We all quit jobs for a myriad of reasons. But according to recent research by Gallup, 75 percent of these reasons are work-related and within the scope of management to impact and reduce. In other words, “people quit managers, not companies”. Retaining talented employees goes beyond just offering competitive salaries and benefits. When surveyed, many people rate recognition, contribution and team spirit as three of the major reasons for staying with their employer – all of which fall squarely under the realm of impact of their manager and his or her management skills.
Valuing individuality is a management skill that is crucial for all managers. Think about your team members like pieces in a game of chess: each piece has an individual function, and you can’t play the pieces right if you don’t know how they move.
Winning a game of chess is about carefully coordinating the different strengths of each piece, rather than just moving them all in the same way as you would in a game of checkers.
According to Marcus Buckingham’s book ‘The One Thing You Need to Know’, this is truly what sets apart a great manager from an average one. To be a better manager you must know and value your employees’ unique abilities and character, and learn how to coordinate them into wider business objectives.
This means assigning people to the right roles that will allow them to excel whilst still leaving room for them to grow. It also means knowing your employees well enough to not put clashing personalities together, but rather people who complement each other’s strengths.
Why you should capitalize on individuals’ uniqueness
Capitalizing on the uniqueness of each team member is a key management skill that will help you to be a better manager for four main reasons:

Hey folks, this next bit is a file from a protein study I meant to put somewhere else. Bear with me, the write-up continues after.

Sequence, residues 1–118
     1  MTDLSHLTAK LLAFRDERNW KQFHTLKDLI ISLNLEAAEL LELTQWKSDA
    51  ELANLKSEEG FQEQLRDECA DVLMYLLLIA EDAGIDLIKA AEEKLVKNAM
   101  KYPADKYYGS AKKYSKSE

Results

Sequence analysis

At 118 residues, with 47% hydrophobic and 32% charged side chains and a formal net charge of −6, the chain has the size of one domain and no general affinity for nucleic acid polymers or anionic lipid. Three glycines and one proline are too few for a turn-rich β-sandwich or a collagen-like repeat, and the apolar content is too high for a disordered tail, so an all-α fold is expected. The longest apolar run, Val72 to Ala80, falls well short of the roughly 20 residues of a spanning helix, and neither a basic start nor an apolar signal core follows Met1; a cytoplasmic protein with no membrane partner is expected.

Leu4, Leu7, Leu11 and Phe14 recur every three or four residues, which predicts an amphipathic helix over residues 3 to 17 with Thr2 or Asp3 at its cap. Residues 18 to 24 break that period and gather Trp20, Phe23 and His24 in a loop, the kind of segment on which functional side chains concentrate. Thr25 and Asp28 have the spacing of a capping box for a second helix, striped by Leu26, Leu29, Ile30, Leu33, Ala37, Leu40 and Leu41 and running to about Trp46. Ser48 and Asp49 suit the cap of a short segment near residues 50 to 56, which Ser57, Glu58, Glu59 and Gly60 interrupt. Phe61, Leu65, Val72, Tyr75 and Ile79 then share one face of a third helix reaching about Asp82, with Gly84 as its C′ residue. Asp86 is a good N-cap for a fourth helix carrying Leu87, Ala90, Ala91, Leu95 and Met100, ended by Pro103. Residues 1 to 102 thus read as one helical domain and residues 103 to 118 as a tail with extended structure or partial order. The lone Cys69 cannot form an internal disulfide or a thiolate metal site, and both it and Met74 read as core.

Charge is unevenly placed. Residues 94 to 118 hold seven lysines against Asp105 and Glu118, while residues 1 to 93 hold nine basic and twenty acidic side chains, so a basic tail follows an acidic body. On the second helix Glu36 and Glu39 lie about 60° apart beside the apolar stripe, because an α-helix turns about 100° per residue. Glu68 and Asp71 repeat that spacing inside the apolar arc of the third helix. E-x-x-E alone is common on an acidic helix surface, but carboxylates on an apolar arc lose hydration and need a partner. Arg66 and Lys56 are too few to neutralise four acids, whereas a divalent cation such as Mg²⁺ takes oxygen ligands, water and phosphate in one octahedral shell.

1. It saves time
Time is a very valuable asset to any manager. And you can save time by sculpting a role for your employees that instantly taps into their natural abilities, rather than spending hours trying to force an employee into being who they’re not and reaping very little results.
2. It makes each person accountable
Allocating responsibilities to your team members according to their strengths means you can give credit where credit is due, and employees can be held responsible for their roles. They can take ownership of their contribution to the business, and practice and refine it over time.
3. It builds a stronger sense of team
Aligning people’s roles to their uniqueness helps employees appreciate each other’s skills and strengths. This creates a healthy interdependency amongst staff, which ultimately contributes to business success.
How to manage each employee
Another essential management skill is the ability to manage each employee individually to bring out the best in them.
There are three things you must know about an employee to manage them well:
1. Their strengths
The best way to identify someone’s strengths is by asking them this simple question: “What was the best day you’ve had at work in the past few months?” This helps you to gauge their predilections, even if they’re not necessarily good at it yet.
Another way to identify strengths is through observation: being alert and taking note of people’s idiosyncrasies, how they respond to certain situations, walking around the “shop-floor” and simply getting to know your employees for yourself.
2. What triggers their strengths